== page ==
Published Online: February 18, 1998

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Early Years

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The early years offer the best opportunity to learn a second language, studies have shown. Chicago school officials are putting that finding into practice with a new dual-language program for 3- and 4-year-olds in 13 schools.

Under this model, which began last month, preschoolers whose first language is Spanish will learn in the same classroom with those who are bilingual or speak English. The children will be taught both languages by being "immersed" in English for half the day and in Spanish the other half.

The new program, which will be extended through the 3rd grade over the next five years, is being implemented in schools that have a significant Hispanic population. Hispanic students make up 31 percent of the district's enrollment.

The program will also emphasize family involvement and education to make sure parents understand why it's important for their children to learn two languages.

Students in the program will be monitored over the next several years to determine the success of the dual-language project.

Currently, 16 elementary schools and one high school in Chicago offer dual-language programs. Only one, the Inter-American Magnet, starts the program in preschool.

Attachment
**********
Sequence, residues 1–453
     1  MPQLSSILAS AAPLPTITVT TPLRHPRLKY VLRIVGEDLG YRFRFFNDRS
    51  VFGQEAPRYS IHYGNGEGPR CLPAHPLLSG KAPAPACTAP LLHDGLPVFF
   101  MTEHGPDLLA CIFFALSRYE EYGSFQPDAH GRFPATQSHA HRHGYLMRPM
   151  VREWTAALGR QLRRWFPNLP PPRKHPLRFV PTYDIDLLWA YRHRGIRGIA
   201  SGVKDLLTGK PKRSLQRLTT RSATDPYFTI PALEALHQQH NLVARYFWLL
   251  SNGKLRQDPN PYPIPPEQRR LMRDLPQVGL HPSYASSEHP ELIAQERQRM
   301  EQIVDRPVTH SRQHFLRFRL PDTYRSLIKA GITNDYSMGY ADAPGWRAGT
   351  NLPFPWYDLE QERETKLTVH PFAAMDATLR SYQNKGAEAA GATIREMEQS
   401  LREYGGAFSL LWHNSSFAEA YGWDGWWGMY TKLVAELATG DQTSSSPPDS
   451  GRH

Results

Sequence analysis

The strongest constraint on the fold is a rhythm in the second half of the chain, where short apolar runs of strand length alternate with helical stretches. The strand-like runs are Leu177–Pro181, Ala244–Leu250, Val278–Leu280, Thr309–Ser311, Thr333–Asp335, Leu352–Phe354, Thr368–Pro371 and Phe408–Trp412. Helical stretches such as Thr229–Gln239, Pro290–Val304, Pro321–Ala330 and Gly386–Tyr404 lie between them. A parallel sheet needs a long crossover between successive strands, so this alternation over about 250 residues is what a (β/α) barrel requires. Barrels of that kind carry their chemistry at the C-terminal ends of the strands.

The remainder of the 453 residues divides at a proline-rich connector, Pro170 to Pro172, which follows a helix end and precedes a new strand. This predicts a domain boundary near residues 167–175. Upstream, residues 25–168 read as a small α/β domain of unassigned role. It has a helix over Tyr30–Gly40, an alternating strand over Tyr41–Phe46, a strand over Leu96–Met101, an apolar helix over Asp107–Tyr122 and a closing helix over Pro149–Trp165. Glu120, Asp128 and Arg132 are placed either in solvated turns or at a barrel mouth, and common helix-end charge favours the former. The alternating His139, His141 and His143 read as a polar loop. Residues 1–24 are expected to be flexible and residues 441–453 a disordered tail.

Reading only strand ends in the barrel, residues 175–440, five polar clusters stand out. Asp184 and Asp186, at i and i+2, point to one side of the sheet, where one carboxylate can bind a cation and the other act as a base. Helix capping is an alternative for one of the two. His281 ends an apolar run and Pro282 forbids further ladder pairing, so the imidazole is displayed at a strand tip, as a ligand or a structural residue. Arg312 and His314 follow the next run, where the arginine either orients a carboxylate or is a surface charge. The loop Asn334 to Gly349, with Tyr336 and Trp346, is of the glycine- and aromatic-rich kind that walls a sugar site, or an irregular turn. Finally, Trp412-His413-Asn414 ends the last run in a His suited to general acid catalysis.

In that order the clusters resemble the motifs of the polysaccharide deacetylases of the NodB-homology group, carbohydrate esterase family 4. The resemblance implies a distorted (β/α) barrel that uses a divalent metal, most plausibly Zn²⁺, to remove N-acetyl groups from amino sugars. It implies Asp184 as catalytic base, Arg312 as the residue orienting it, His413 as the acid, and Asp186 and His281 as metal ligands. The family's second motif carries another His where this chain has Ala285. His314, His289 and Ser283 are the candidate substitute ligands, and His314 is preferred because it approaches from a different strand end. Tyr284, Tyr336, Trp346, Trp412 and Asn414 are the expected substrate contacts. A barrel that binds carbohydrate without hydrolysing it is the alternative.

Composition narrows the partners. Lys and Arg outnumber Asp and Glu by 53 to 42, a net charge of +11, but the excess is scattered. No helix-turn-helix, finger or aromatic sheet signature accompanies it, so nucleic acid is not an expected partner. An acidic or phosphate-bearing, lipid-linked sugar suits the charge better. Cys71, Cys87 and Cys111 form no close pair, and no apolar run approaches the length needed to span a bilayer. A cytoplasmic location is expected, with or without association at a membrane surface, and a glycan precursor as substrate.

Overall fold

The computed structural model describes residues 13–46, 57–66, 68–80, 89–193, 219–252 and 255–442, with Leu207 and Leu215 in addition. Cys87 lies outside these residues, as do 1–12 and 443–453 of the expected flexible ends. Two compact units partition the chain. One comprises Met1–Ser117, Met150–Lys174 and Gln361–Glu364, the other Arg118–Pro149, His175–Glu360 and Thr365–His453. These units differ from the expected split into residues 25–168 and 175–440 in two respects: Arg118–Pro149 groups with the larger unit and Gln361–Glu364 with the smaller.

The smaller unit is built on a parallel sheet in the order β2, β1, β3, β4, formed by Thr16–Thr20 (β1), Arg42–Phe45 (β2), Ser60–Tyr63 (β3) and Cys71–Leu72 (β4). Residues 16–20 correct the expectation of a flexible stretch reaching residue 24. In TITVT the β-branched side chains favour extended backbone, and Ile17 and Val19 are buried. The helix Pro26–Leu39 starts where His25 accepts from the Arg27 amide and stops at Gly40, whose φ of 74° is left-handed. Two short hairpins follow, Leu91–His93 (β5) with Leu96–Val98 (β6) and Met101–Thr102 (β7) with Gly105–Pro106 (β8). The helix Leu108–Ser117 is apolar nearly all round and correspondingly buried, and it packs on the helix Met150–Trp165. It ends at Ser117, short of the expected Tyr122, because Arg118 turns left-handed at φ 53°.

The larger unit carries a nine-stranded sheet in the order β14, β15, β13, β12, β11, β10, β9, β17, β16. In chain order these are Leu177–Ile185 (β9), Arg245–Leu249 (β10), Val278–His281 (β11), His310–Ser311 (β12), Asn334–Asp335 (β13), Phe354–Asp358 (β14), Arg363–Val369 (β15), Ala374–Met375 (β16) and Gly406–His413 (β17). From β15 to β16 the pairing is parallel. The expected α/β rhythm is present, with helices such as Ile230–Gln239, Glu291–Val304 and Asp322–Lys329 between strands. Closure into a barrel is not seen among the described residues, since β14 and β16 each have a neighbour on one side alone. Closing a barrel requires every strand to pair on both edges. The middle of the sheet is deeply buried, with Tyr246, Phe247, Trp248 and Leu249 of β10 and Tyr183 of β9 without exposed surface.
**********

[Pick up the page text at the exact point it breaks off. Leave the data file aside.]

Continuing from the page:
More than 8,000 Massachusetts children younger than 4 will benefit from the expansion of two early-childhood programs in the state.

One of them, Community Partnerships for Children, has received a $28 million grant from the state, which will be awarded to 122 local programs.

Community Partnerships for Children, which began in 1993, supports local agencies that are providing education to the 3- and 4-year-olds of working parents. With this grant, an additional 5,200 youngsters will be served, bringing the total to 15,000 children.

Another project, the Massachusetts Family Network--which provides health screenings, home visits, family-literacy activities, and other services to parents with children age 3 and younger--has received an extra $749,000 from the state that will enable it to reach 3,000 more children in five areas of the state.

The network began in 1995 as a pilot program in 10 sites; it now serves 16,000 children in 118 cities and towns.

Since 1993, the state budget for early-learning programs has increased from $12.9 million to $60 million.

The Massachusetts state school board is asking lawmakers for an additional $170 million in the fiscal 1999 budget.

--LINDA JACOBSON ljacobs@epe.org

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